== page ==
and responsibilities among the various levels of government or between 
the Federal Government and Indian tribes. Thus, the Agency has 
determined that Executive Order 13132, entitled ``Federalism'' (64 FR 
43255, August 10, 1999) and Executive Order 13175, entitled 
``Consultation and Coordination with Indian Tribal Governments'' (65 FR 
67249, November 9, 2000) do not apply to this action. In addition, this 
action does not impose any enforceable duty or contain any unfunded 
mandate as described under Title II of the Unfunded Mandates Reform Act 
(UMRA) (2 U.S.C. 1501 et seq.).
    This action does not involve any technical standards that would 
require Agency consideration of voluntary consensus standards pursuant 
to section 12(d) of the National Technology Transfer and Advancement 
Act (NTTAA) (15 U.S.C. 272 note).

VII. Congressional Review Act

    Pursuant to the Congressional Review Act (5 U.S.C. 801 et seq.), 
EPA will submit a report containing this rule and other required 
information to the U.S. Senate, the U.S. House of Representatives, and 
the Comptroller General of the United States prior to publication of 
the rule in the Federal Register. This action is not a ``major rule'' 
as defined by 5 U.S.C. 804(2).

List of Subjects in 40 CFR Part 180

    Environmental protection, Administrative practice and procedure, 
Agricultural commodities, Pesticides and pests, Reporting and 
recordkeeping requirements.

    Dated: June 12, 2017.
Michael L. Goodis,
Director, Registration Division, Office of Pesticide Programs.

    Therefore, 40 CFR chapter I is amended as follows:


1. The authority citation for part 180 continues to read as follows:

    Authority: 21 U.S.C. 321(q), 346a and 371.

2. In Sec.  180.579;
i. Add alphabetically the entries ``Basil, dried leaves''; ``Basil, 
fresh leaves''; ``Celtuce''; ``Cottonseed subgroup 20C''; ``Fennel, 
Florence, fresh leaves and stalk''; ``Kohlrabi''; ``Leaf petiole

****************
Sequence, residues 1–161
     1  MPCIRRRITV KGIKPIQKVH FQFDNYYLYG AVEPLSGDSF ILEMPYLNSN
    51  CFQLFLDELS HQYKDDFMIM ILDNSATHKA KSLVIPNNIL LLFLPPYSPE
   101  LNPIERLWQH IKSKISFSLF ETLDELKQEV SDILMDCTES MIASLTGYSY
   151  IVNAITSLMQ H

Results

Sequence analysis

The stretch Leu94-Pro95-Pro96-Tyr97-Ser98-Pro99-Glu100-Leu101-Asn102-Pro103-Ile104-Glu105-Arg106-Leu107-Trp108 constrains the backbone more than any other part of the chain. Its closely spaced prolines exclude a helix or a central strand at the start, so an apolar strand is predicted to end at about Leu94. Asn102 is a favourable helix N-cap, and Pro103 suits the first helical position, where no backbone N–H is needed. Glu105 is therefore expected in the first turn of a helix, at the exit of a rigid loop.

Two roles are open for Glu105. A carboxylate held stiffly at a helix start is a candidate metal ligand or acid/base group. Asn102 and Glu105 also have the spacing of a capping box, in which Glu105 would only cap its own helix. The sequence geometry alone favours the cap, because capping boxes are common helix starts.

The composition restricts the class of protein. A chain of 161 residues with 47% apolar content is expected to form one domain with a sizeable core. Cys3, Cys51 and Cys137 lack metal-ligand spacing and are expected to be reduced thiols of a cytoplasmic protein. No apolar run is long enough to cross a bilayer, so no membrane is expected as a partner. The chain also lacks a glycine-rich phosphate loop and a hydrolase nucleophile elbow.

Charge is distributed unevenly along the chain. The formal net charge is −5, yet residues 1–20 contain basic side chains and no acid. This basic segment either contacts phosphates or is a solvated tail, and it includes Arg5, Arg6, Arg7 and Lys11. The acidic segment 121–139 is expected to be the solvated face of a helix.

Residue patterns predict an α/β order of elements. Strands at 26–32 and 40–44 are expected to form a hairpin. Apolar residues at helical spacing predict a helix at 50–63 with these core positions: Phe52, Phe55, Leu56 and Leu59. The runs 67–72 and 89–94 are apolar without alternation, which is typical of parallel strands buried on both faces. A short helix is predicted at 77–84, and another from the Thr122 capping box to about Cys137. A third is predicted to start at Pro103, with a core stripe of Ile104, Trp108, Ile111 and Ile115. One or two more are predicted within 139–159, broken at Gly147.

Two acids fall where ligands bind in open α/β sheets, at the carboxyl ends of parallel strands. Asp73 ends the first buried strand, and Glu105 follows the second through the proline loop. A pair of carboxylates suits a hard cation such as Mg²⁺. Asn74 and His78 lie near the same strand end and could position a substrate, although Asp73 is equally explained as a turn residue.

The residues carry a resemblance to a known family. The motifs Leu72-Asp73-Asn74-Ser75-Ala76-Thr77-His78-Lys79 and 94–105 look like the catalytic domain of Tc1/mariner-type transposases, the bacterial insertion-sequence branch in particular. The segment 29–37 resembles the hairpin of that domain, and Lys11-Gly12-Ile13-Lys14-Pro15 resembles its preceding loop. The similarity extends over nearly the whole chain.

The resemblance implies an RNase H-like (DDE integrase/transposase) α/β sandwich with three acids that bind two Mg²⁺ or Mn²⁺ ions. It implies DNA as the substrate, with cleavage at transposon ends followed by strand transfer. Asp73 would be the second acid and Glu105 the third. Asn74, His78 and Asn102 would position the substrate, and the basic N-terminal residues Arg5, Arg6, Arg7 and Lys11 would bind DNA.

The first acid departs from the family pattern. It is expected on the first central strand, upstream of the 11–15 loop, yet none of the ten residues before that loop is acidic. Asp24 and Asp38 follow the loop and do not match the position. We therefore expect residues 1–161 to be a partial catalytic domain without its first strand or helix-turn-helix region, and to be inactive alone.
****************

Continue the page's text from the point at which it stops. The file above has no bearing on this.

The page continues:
vegetable subgroup 22B''; Leafy vegetable group 4-16''; and Vegetable, 
Brassica, head and stem, group 5-16'' to the table in paragraph (a)(1):
ii. Remove the entries for ``Brassica, head and stem subgroup 5A''; 
``Brassica leafy greens, subgroup 5B''; ``Cotton, undelinted seed''; 
and ``Vegetable, leafy, except Brassica, group 4'' from the table in 
paragraph (a)(1).
iii. Remove the entry ``Cilantro, leaves'' and add in its place 
``Cilantro, fresh leaves''.
    The additions and revisions read as follows:

Sec.  180.579  Fenamidone; tolerances for residues.

    (a) * * *
    (1) * * *

                                                               Parts per
                          Commodity                             million
Basil, dried leaves.........................................         200
Basil, fresh leaves.........................................          30
                                * * * * *
Celtuce.....................................................          60
Cilantro, fresh leaves......................................          60
                                * * * * *
Cottonseed subgroup 20C.....................................        0.02
Fennel, Florence, fresh leaves and stalk....................          60
                                * * * * *
Kohlrabi....................................................         5.0
Leaf petiole vegetable subgroup 22B.........................          60
Leafy vegetable group 4-16..................................          60

[[Page 35115]]

                                * * * * *
Vegetable, Brassica, head and stem, group 5-16..............         5.0
                                * * * * *

* * * * *
[FR Doc. 2017-15743 Filed 7-27-17; 8:45 am]